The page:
A few beers?

I’m on about my sixth week with PM, using only atrial lead. Felling better just about everyday. Had PM installed due to bradycardia and Afib. Now set to 70 bpm and on Flecainide and beta blocker. I’m. 58 years old and in good physical shape (for the most part).

I know alcohol is a no no for Afib, but I still imbibe 2-3 beers nearly daily. In fact, when I’m feeling crappy, a beer or two generally relaxes me and makes my stomach feel better. Usually, my chest pains and dizzy spells coincide with stomach issues. 

I have cut back at least 50% on my consumption, since diagnosed with Afib, etc. Previously I’d suffer a lot of arrhythmia and angina after a night of heavier drinking

Any similar experience or thoughts on this? Hate to give up one of life’s great joys.




Sip and see - alcohol and atrial fibrillation

by Selwyn - 2019-06-05 18:26:27

Yes, I know all the information is to knock alcohol if you have atrial fibrillation.

I have put myself to the sword! All in the interests of science- certainly a bottle of wine had no effect on my AF ( I have not tried more than that!).

I was also taking Flecainide at the time. The beta blockers should help.

The recommended safe level of drinking is easily exceeded by 'a couple of beers' per night. Whilst most can drink more than the safe level ( 14 units per week now), if you look at illness associated with alcohol  ( and I have spoken at a World Alcohol Conference on that  subject), after a few drinks per week, the prevalence of illness starts to take off.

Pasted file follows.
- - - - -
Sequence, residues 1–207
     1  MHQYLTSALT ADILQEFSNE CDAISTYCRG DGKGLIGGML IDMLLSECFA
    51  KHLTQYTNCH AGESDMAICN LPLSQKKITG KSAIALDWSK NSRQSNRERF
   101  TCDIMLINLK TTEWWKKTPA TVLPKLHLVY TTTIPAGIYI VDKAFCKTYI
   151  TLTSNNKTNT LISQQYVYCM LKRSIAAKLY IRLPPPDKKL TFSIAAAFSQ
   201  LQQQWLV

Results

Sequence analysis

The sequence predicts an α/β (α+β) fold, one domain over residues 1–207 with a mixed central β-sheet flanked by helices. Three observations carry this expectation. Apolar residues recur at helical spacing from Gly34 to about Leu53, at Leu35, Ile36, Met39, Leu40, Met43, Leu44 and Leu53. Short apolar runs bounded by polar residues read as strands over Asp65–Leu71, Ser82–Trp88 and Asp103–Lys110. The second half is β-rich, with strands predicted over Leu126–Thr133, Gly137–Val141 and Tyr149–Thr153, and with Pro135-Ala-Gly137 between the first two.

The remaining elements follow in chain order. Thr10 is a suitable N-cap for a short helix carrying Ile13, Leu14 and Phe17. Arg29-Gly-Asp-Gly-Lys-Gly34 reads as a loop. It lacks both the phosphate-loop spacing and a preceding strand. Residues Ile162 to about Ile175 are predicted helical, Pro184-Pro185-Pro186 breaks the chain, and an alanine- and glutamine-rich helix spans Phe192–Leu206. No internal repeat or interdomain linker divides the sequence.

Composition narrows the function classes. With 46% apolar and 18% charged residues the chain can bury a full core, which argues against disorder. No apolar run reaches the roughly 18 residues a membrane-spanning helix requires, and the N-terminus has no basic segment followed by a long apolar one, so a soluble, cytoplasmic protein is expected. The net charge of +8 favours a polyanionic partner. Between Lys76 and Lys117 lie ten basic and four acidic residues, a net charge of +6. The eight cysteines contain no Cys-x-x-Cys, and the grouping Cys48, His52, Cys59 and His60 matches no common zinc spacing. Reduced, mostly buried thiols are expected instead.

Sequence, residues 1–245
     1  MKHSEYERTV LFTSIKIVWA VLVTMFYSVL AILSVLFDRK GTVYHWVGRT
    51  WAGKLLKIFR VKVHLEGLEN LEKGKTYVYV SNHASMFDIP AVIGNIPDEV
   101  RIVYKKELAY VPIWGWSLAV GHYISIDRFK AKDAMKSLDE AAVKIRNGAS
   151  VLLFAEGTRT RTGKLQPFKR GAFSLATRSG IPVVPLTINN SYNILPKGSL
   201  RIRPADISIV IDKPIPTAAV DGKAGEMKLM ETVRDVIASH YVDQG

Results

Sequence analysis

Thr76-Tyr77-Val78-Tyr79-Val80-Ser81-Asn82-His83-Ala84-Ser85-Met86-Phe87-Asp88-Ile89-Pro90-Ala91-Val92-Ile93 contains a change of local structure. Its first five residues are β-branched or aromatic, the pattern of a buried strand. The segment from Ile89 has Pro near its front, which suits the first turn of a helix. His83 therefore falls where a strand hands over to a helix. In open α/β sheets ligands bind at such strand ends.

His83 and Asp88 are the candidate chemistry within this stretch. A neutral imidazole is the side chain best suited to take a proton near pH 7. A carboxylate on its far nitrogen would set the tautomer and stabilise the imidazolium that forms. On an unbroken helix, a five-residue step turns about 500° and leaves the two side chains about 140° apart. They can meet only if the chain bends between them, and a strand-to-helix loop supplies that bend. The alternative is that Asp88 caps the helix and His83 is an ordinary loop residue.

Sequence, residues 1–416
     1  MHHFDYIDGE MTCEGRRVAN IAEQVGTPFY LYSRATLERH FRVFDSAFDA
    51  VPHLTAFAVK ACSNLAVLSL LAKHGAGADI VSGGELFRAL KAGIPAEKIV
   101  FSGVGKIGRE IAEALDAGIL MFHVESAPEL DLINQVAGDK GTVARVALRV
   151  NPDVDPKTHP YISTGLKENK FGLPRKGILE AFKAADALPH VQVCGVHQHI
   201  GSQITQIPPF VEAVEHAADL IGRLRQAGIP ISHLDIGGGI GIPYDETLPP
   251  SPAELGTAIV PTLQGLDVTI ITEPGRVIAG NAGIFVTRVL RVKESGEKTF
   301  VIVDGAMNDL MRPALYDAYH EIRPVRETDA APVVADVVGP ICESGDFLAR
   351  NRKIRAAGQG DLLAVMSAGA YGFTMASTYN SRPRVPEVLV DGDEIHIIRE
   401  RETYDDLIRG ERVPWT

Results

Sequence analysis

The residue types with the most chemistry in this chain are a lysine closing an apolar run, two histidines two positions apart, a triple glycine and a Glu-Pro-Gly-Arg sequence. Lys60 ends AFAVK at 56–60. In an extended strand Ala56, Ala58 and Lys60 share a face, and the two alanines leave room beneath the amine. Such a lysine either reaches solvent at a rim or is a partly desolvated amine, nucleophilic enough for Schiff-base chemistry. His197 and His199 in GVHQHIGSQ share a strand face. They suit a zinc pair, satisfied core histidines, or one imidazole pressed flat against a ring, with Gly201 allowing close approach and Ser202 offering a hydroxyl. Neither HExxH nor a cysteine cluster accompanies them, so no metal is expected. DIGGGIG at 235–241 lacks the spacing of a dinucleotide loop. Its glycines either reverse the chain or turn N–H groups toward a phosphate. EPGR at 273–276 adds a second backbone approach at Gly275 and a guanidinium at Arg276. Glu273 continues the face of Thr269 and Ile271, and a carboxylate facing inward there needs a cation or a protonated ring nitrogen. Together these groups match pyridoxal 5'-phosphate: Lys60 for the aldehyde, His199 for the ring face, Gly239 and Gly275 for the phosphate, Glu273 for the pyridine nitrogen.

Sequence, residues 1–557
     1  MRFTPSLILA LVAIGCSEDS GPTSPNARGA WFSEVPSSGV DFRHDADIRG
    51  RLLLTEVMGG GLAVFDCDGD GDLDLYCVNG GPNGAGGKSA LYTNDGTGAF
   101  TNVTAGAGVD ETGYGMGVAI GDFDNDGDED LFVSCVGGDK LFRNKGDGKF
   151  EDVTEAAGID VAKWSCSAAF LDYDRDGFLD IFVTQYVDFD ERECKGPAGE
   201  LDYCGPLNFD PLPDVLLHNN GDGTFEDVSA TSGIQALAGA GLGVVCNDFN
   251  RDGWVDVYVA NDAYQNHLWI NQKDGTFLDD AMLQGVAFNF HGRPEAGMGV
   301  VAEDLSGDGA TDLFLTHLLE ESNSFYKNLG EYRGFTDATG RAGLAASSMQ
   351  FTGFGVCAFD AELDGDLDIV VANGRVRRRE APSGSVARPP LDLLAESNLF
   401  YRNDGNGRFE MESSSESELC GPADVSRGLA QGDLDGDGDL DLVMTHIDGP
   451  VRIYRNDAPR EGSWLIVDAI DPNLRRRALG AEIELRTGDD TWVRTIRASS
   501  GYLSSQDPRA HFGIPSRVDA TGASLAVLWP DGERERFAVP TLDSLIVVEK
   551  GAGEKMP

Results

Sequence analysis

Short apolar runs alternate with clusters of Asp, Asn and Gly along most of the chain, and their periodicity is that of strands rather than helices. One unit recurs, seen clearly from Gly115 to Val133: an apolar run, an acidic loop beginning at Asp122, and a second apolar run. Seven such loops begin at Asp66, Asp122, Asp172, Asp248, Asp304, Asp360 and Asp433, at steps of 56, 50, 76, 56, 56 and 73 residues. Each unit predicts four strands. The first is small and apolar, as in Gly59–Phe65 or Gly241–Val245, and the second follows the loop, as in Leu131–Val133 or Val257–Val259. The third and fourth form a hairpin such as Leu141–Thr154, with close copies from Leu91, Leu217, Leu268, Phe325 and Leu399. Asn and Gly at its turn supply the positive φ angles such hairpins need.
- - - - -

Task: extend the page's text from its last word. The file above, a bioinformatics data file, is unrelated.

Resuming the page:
You should make sure your beta blockers are keeping your pulse rate down. Sometimes the dose needs an increase, especially if you have a greater than average weight. Beer, wine, etc  are full of calories.  It is also good for your liver to have a couple of alcohol free days per week.

Of course, if we starved ourselves, like the lab rats, we would all live longer. Sometimes, quality is more important than quantity.  My choice is for a good Scottish malt whisky - the expense alone should stop you drinking too much! Indeed, alcohol was once used for the treatment of angina:

' Alcohol has been regarded as a valuable drug in the treatment of angina pectoris since the earliest description of the disease by Heberden1 in 1786. It is rated by most contemporary authorities as one of the few effective coronary vasodilators, second only to the nitrites.2 Indeed, the effect of 1 or 2 ounces (30 to 60 cc.) of whisky or brandy in terminating an anginal attack is said to be comparable in many instances to the results obtained with glyceryl trinitrate. '

The highlight of my vascular surgery career was putting the whole ward on whisky over the Christmas period - bless the NHS! Alcohol was prescribed on the vascular ward for vasodilatation, indeed I remember one gent having an alcohol drip!  Best to take it by mouth though. 


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